“As far I can tell, the only due diligence that was done prior to signing that sales agreement on May 10 was how do we get this thing done without taking it to a public vote,” said Brian Hobbs. “That was the only level of due diligence that was done, unless there was information we haven’t seen, and we’ve requested everything.”
Brian Hobbs then referenced the purchase agreement.
“You will see that the board agreed to – it’s a representation and a warranty by the seller – that no public vote would be required,” said Brian Hobbs. “It’s written. They signed it. No public vote will be required. No public determination would be required. They agreed to that. No public hearing would be required. They agreed to that. The second that they signed off on that agreement, they teamed up with the buyer. They left us in the past. I can’t understand that. I don’t understand how somebody could do that.”
Director Stephen Abbott addressed the issue of a public vote.
“Was a vote of the residents ever considered?,” said Abbott. “The short answer is yeah, at the time that the hospital’s property was such that it had a substantially higher value, yes. But it lost its acute care license after being inactive for two years and no longer being a hospital, which significantly reduced the value of the property.”
FRHD attorney Blaise Jackson explained that the sale price of $4.5 million represents only 37.9 percent of the district’s total assets ($11,862,107 according to the monthly financial statement ending May 31) and therefore a public vote wasn’t required under the health and safety code under which the district operates. Jackson cited statue 32121 subsection p, subsection 1, that states a public vote would have been required if the building had represented 50 percent or more of the district’s assets.
“It’s staggering to me that you have to rely on that to make the right decision,” said Brian Hobbs. “That’s the part that I’m not coming to grips with. To rely on the technicalities of all this, it makes no sense. It’s like me talking to my 11-year-old about shortcuts versus doing the right thing. We’re going to rely on technicalities in how this is all calculated when it really should have been put to a vote.”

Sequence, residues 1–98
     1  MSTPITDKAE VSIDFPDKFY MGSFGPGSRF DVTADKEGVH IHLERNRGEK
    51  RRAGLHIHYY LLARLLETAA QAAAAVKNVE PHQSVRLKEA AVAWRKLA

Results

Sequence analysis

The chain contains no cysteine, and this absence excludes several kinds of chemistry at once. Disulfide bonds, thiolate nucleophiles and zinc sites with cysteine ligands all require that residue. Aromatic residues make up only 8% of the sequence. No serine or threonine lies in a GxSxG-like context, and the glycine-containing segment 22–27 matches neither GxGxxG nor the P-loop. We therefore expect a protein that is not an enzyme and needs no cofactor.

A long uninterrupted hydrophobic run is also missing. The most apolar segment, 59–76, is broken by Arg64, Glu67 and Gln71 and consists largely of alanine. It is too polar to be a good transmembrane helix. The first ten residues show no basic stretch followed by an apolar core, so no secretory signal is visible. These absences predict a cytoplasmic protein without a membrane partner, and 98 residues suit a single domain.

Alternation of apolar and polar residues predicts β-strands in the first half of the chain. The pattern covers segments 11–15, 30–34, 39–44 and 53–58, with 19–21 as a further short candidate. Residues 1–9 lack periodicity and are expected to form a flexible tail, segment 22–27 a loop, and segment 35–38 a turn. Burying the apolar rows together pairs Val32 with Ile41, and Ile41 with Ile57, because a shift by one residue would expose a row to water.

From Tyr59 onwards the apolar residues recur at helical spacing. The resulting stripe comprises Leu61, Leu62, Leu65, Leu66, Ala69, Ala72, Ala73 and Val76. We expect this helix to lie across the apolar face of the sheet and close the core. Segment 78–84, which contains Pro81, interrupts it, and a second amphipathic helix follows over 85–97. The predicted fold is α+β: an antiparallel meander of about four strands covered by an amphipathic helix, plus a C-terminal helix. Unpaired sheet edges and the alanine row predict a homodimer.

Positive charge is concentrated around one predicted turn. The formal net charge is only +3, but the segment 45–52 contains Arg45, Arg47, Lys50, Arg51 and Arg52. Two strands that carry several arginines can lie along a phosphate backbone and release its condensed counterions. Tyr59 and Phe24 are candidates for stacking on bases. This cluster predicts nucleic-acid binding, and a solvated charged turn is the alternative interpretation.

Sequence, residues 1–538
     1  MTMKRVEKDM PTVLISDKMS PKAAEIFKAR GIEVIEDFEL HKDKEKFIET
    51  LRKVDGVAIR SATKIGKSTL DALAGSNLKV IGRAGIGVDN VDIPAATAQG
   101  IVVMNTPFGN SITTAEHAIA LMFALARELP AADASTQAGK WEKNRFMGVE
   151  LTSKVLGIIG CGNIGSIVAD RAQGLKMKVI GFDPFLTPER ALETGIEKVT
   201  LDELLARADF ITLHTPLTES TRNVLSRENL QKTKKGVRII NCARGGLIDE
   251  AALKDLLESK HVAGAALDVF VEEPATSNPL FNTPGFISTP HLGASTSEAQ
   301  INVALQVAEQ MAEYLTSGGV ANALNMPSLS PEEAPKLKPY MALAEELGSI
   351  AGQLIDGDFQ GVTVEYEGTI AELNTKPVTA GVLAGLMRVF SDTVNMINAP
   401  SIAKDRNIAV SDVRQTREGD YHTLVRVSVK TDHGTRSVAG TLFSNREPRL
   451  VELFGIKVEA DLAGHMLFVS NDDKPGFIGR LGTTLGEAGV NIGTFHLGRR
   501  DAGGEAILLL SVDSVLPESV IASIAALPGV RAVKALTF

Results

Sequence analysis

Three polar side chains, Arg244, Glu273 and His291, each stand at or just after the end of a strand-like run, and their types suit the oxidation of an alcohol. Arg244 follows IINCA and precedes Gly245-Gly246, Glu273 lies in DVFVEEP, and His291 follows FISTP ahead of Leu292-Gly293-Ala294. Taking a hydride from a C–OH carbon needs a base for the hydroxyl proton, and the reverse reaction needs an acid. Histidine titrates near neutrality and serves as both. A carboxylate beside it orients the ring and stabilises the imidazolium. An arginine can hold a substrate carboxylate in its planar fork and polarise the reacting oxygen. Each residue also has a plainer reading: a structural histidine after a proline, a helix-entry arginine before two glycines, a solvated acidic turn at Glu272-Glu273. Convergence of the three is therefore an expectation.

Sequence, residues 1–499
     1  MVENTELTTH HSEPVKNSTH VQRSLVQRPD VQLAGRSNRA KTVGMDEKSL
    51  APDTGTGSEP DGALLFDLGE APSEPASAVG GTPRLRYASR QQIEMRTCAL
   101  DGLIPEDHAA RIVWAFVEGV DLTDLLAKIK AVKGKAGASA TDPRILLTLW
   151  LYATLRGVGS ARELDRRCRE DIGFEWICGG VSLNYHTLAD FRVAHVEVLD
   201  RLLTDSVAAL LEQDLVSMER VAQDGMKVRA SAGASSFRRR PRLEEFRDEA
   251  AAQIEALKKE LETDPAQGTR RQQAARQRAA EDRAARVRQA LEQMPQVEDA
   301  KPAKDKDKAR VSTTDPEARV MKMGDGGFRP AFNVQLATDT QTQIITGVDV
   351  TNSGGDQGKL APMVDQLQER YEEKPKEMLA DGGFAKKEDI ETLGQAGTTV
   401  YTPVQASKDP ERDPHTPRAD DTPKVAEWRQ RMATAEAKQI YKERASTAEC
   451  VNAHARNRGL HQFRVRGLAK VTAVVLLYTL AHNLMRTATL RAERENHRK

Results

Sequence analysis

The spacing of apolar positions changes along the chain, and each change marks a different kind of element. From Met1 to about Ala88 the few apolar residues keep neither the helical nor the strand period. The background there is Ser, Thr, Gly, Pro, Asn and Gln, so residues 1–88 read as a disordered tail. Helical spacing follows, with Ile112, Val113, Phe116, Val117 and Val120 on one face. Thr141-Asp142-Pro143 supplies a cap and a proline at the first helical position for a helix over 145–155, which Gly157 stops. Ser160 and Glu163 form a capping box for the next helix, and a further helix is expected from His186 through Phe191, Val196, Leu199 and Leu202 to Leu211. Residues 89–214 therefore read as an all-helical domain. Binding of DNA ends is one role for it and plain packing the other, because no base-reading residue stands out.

Dr. Frank Winton, who served on the district board for almost two years, said the board has been working diligently to find a buyer for the hospital since it closed in December 2014.
“I can attest to that because I was on the board and I saw all the different entities that came through, and there were many,” said Winton, who served as chief of medical staff at Fallbrook Hospital. “Unfortunately, financially, for lots of reasons, that was not to be.
“The empty shell that was the former hospital continues to need maintenance, security and attention but is no longer a place of healing,” continued Winton. “Currently the property benefits nobody. It has the opportunity with this to be revitalized again as a place of healing. Would we prefer a full-service local hospital, of course, but that isn’t feasible.”
Opponents also questioned the suggested benefits for Fallbrook, in addition to the $4.5 million, such as the 108 full-time jobs that would be created. “The jobs benefit is a promise which is completely hollow as employers cannot discriminate based on location,” said Maryann Hobbs.